September 28th, 2003, 02:34 PM
C : How to output bit representation in hexadecimal?
How do I write a program in C that accepts a floating-point input and output it's bits representation in hexadecimal?
September 28th, 2003, 03:02 PM
Take a pointer to the float, cast it to a char pointer and print each character as a two digit hex value. Something like this.
Change float to double as necessary.
void float_to_hex( float val )
char* float_byte_array = (char*)&val ;
size_t i ;
printf( "%d\n",sizeof(float) );
printf( "0x" ) ;
for( i = 0; i < sizeof( float ); i++ )
printf( "%2.2X", float_byte_array[i] ) ;
September 28th, 2003, 03:40 PM
Thank you very much for the speedy reply, sir.
It is running perfectly fine!
May I know what is "%x" and "size_t i"?
September 28th, 2003, 03:45 PM
size_t is the defined type that is returned by sizeof. It normally translates to int or short int.
%x is the format descriptor of hexadecimal. All numbers are stored internally as binary. %d displays a number as decimal. %o as octal. %x as hex (unsigned is implied). Read the man page or help file on printf for more details.
September 28th, 2003, 03:55 PM
Thank you, kind sir.
Do u happen to know assembly too?
September 28th, 2003, 04:16 PM
did someone say asm? :D sorry to interject but i love assembly programming; what are you trying to do?
September 28th, 2003, 05:08 PM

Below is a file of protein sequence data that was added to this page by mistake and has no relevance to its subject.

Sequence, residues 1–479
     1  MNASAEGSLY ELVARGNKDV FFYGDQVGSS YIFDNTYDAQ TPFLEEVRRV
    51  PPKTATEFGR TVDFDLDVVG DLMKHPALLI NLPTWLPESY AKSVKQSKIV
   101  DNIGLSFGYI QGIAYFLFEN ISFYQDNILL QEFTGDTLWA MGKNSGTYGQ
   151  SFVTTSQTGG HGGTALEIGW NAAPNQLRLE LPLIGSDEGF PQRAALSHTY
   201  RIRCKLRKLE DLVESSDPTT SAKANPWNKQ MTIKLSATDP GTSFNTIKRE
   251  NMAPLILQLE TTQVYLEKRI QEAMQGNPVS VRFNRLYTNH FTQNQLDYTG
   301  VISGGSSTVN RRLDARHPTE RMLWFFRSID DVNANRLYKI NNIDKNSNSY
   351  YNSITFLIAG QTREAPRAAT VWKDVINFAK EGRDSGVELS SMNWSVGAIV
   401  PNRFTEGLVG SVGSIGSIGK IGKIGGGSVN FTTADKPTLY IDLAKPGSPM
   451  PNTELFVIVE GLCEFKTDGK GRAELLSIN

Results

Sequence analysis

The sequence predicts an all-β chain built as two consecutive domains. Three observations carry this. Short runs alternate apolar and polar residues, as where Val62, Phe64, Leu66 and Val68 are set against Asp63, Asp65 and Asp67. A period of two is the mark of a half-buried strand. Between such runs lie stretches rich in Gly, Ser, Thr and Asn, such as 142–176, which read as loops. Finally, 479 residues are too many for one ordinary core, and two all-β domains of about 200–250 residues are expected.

Your reply is god-sent.....
Both has to be written in MIPS
1) I need to perform an addition for 2 64bit integer using 32bit registers.
2) Multiply a small value by 5times using shift and add while ignoring overflow.
Thanx a milion!!!
September 28th, 2003, 05:51 PM
hmm smells like someone is cooking some fresh homework on the grill and i just ate some pizza; sorry ;) . also i am unfamiliar with MIPS, but i am reading some stuff i found on google directly related to your assignment.... so happy googling :D
September 28th, 2003, 06:14 PM
September 29th, 2003, 03:36 AM
In GCC it is "unsigned int". Originally I declared i as int and got a signed/unsigned comparison warning for the 'for' expression, so I changed type of i to agree with the result of sizeof.
September 29th, 2003, 03:40 AM
dwise1_aol already answered this, however note that my code used "%X" rather than "%x", so that the digits A...F are displayed in uppercase rather than lowercase - choose whichever you prefer.
September 29th, 2003, 03:14 PM
Thank you very much for following it up.
The detail explanation of usage of size_t & int is very useful to me.
I appreciate it much.